ADV Films // 2002 // 100 Minutes // Not Rated
Reviewed by Chief Counsel Rob Lineberger (Retired) // April 7th, 2004
"This should take priority over your own lives. We're the only ones in the world who can succeed in this mission!" -- Andrei Kalinin
Mission 01 of Full Metal Panic showed promise -- stellar animation, good music, interesting characters, and an entertaining mix of action and humor. The disc ended in a cliffhanger. Now we get to see whether Mission 02 can maintain the momentum generated by Mission 01.
Sergeant Sousuke Sagara breaks military protocol to rescue Kaname. This decision sets events into motion that reveal hidden truths about Kaname and the mysterious Black Technology. Kaname and Sousuke try to settle back into their familiar roles of protector and protectee, but the truth has forever altered their relationship.
After the impressive Mission 01 left me craving more, my anticipation for Mission 02 was fairly high. These next four episodes had every right to disappoint, given my lofty expectations. To my relief, Mission 02 continues the outstanding quality of the first four episodes and maintains the strong first impression.
Mission 01 set a strong precedent in terms of animation and visual style, and the four episodes of Mission 02 mostly continue the trend. I noticed flaws this time, such as periodic softness, minor anti-aliasing, and a handful of 3:2 pulldown errors. Nonetheless, most anime series have more flaws per episode than Full Metal Panic does per volume; the quality here is excellent. The visual style is simply amazing, with detailed characters and backgrounds, rich colors, and fluid action. Special effects (such as explosions, energy blasts, Whispered mental projections, and other oddities) elicit oohs and ahhs. As far as episodic anime television goes, I've never seen its equal. Full Metal Panic is about action, movement, and energy, and the animation reflects all these well. There were some moments of static imagery, but in general this is a feast of movement.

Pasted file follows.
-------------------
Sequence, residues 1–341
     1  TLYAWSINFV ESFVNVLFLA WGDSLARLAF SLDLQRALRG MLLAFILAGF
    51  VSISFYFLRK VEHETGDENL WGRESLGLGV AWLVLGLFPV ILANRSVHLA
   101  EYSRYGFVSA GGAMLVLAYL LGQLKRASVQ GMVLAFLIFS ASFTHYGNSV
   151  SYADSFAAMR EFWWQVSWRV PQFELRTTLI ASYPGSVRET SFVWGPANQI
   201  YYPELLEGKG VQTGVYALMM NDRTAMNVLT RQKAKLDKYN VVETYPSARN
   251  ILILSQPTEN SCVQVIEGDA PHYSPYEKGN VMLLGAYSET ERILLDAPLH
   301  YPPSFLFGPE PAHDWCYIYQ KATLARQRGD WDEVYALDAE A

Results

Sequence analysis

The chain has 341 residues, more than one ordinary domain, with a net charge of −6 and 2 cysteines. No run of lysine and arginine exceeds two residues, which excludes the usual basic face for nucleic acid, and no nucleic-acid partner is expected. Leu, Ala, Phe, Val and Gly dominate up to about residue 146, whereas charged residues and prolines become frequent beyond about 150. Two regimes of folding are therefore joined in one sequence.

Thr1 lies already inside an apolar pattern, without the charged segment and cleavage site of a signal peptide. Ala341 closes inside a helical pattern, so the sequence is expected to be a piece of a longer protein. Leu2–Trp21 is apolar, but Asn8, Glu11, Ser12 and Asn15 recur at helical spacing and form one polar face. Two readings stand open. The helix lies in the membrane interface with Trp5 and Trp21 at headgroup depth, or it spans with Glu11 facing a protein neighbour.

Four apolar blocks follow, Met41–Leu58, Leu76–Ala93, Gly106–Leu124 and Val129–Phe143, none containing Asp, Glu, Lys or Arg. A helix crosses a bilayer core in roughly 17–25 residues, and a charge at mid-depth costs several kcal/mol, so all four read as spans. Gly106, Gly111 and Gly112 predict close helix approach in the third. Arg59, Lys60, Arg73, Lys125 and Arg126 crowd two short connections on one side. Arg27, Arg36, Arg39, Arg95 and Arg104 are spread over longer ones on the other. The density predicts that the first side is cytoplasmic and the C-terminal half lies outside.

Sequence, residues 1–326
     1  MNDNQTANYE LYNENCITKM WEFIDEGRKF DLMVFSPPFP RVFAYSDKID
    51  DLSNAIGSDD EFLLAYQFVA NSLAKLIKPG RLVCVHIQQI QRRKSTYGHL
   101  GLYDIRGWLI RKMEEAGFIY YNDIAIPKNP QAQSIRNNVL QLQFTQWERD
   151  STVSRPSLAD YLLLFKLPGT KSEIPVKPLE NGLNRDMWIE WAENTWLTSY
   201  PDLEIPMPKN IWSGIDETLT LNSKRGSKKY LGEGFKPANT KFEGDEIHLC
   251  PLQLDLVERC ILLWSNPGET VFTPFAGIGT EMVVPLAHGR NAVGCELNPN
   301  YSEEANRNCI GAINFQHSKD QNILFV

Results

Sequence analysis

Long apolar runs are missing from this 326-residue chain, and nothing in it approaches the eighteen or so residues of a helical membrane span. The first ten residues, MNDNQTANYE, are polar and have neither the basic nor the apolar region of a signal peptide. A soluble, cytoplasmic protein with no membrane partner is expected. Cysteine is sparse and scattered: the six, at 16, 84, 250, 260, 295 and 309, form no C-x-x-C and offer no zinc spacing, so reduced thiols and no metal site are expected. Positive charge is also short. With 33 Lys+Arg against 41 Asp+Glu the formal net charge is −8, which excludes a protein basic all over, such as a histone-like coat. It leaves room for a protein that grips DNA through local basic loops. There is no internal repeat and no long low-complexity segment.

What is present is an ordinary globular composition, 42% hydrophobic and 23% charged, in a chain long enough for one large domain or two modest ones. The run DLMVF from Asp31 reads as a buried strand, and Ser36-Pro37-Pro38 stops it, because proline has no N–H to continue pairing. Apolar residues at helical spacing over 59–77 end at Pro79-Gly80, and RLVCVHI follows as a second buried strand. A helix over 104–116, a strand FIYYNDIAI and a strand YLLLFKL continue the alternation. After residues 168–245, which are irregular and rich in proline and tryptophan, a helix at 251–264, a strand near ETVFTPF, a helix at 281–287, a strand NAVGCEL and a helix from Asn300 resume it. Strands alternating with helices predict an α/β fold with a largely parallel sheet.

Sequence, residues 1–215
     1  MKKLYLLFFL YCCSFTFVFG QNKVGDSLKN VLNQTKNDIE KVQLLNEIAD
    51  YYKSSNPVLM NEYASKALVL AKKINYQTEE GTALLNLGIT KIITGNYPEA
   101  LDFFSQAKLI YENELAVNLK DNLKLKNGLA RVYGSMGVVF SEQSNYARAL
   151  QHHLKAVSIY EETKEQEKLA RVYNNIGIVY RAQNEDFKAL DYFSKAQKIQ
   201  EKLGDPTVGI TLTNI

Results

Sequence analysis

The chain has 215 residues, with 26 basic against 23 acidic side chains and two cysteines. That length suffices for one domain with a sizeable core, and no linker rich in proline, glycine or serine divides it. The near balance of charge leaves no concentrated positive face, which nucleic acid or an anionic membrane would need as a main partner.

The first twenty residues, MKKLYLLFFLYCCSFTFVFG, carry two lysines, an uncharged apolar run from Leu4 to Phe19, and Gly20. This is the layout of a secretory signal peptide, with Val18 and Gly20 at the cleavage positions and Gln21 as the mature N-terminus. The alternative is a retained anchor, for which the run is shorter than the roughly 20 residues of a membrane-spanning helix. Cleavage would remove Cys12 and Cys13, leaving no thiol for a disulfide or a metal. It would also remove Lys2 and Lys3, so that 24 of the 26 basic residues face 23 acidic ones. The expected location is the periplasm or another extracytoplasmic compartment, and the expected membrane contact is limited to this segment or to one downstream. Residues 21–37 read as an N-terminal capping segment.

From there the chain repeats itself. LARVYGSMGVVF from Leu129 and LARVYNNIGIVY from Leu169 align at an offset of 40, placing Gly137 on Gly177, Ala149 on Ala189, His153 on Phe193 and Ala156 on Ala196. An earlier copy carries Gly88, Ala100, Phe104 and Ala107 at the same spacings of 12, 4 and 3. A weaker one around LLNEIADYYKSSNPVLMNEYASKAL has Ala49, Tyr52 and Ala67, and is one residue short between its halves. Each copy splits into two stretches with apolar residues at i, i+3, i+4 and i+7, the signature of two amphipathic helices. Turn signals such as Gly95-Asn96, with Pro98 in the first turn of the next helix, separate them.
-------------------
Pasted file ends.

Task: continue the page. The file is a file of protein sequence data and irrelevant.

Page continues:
The soundtrack is particularly well suited to the action. It is always hard to describe music using words, but the track just feels right. Action is heightened and emotion is tempered by the music. The voice acting is great in both sub and dub. I'm rarely tempted to recommend the English vocal track, but this one is good enough to listen to. There are a few dropouts, which is disappointing given the relative quality of the soundtrack. Like the first volume, the 5.1 mix dramatically improves the action sequences. Watching in Japanese 2.0, you see Arm Slaves flying around and hear explosions. With the 5.1 track engaged, you duck to protect your head while you tremble at the bass-heavy aftershock of the explosions.
Given the superb technical quality, it's nice to have an interesting story to go along with it. Thus far Full Metal Panic is not overly deep, though Mission 02 had some moments of emotional connection. It still manages to balance action, romance, intrigue, and humor into a pleasing package. Sure, some of the elements are overplayed, and the characters tend to forget powerful moments from the recent past. There are definitely frustrating aspects to the story, where you want to reach through the screen and shake the characters. The rest of the story, however, compensates for these moments of frustration, giving us a relatively smooth path of escalating tension.
Specific notes on the individual episodes follow, but be warned -- they contain spoilers.
Sousuke manages to save Kaname from a makeshift lab, where a doctor is trying to find out if Kaname is a Whispered. Sousuke's actions betray his true nature, and Kaname begins to realize that Sousuke is more than just a military nut -- she knows for certain when he climbs into an Arm Slave. Tense action and the thrill that comes with the revelation of a secret identity power this episode. When Full Metal Panic does action, it goes all the way. This episode provides a fitting continuation of the tense hijacking scenario.